Salmon is, by far, one of the most beneficial proteins for optimal health and wellness. We hear a lot about “super-foods,” which are coined so as a result of their impressive nutrient composition per volume.
Salmon is my “super-protein” because of its unrivaled health benefits and for the diverse culinary options it offers.
Unfortunately, an increasing number of Americans turn up their noses to fish and seafood, in favor of the juicy red burger or the conventional poultry. I suppose it is very “American” to surrender to (and foster!) the power of preference when making dietary choices, but of course, our health often reflects this attitude and soon medical burdens may force us to choose wisely, rather than selfishly. Fortunately, for the “picky eaters,” salmon is a more mild-flavored fish and can assume a variety of flavors based on how it is prepared.
Health Benefits of Salmon
1) It is an ANTI-INFLAMMATORY protein. To the average “Joe,” this statement will be meaningless, but your interest may be piqued if I informed you that inflammation was responsible for a vast majority of our common health problems, including cardiovascular disease, cancer and diabetes. Most of us have experienced a cut or scrape on our skin, which resulted in temporary redness, heat, swelling and pain. These are the 4 characteristics of inflammation and is our body’s way of sounding an alarm regarding potential danger. The immune system sends “first responders” to the scene of action to control infection, stop the bleeding, and begin the process of repair.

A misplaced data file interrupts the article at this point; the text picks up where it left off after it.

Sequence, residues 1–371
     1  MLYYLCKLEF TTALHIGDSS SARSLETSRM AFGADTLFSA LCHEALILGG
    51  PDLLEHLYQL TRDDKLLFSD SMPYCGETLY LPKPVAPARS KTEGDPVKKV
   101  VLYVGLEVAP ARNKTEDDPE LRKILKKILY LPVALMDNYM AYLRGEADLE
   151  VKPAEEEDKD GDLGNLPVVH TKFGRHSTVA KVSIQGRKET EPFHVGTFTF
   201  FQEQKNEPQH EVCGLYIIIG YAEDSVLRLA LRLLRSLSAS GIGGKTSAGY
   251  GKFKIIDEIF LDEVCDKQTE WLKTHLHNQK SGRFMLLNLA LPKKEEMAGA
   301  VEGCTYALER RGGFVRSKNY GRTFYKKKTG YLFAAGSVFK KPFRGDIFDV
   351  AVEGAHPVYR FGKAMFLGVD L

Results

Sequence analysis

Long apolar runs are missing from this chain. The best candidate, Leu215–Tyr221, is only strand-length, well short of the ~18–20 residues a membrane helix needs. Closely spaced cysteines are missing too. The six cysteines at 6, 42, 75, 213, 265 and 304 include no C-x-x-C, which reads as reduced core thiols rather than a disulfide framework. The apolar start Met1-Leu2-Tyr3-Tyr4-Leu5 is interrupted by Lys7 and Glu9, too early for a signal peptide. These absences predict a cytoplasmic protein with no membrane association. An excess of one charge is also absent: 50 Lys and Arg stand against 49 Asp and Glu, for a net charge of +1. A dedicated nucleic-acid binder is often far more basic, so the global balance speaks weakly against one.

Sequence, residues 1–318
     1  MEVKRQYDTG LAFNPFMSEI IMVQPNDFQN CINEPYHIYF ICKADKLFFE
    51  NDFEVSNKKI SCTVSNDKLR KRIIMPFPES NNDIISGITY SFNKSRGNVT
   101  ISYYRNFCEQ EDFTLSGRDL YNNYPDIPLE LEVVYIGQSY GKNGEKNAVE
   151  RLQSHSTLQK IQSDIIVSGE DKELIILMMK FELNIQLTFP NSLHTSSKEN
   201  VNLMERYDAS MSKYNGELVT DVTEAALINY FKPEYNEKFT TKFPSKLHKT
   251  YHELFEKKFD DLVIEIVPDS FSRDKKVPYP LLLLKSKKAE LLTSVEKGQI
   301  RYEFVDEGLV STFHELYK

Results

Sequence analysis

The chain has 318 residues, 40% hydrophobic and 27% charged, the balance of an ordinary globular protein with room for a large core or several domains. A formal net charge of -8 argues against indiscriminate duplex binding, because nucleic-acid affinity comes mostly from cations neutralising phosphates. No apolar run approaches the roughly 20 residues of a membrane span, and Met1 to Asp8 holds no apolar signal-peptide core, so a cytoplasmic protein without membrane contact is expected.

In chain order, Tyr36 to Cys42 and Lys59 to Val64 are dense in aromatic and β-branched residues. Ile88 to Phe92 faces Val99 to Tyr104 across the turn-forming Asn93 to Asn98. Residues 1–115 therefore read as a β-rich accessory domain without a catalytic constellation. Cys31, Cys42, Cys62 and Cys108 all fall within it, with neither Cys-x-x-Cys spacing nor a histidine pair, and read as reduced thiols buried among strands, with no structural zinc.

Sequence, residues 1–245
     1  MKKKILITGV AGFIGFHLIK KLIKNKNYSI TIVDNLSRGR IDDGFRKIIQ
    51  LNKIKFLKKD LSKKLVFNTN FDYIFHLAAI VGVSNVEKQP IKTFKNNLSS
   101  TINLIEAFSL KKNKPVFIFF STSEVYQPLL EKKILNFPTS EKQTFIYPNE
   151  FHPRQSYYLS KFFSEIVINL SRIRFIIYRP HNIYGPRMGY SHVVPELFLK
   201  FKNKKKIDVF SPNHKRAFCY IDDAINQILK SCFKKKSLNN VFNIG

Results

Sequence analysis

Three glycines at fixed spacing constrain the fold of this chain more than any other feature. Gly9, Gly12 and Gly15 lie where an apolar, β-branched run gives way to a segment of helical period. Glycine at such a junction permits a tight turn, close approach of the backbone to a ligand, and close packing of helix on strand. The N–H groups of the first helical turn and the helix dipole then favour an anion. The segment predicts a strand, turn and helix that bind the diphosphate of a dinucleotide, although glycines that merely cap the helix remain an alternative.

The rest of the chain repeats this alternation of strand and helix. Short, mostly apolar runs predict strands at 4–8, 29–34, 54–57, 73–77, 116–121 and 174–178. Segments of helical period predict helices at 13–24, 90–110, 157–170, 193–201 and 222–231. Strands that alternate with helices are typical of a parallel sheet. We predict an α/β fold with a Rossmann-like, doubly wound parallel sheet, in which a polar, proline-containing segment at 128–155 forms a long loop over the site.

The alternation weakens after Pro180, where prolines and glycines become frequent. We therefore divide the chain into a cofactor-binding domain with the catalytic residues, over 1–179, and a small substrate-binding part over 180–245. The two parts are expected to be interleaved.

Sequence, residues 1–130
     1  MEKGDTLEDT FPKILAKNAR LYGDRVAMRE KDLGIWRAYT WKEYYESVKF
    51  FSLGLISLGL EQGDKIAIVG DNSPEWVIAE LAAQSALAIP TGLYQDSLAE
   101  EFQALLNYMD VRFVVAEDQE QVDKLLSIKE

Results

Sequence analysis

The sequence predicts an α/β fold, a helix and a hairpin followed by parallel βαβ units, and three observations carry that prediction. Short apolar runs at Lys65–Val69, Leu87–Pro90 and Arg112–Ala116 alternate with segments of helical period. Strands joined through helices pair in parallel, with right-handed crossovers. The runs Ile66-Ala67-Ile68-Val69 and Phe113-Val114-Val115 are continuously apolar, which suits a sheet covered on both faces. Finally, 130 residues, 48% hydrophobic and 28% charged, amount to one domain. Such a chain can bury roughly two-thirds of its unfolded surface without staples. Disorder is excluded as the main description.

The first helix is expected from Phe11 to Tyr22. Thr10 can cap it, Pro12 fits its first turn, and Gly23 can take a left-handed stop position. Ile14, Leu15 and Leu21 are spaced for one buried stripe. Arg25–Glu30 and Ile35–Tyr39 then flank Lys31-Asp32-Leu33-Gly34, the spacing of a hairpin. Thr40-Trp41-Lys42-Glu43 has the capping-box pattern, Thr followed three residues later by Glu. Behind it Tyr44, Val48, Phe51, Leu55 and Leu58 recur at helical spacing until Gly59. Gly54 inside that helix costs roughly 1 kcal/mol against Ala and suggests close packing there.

On a larger scale, stress, toxins, a poor diet, and lack of exercise will sound a continual alarm, leading to a low-grade level of inflammation throughout the entire body. This is known as chronic, systemic inflammation. As first responders continuously circulate through the body and keep the immune system active, the stress of inflammation mounts, leading to various health conditions. Cardiovascular disease involves inflammation of the blood vessels. Inflamed cells in any organ system are prone to mutations and more apt to become cancerous in the presence of active inflammation. Various endocrine organs respond to inflammation by raising hormone levels and affecting metabolism. Chronic, systemic inflammation damages brain cells, potentially increasing risks of poor mental and cognitive health. The bones respond to inflammation by releasing calcium and minerals, leading to osteoporosis and joint deterioration.
Keeping inflammation controlled is vital for good health and the special fats and proteins found in salmon, help to curb the inflammatory response in the body.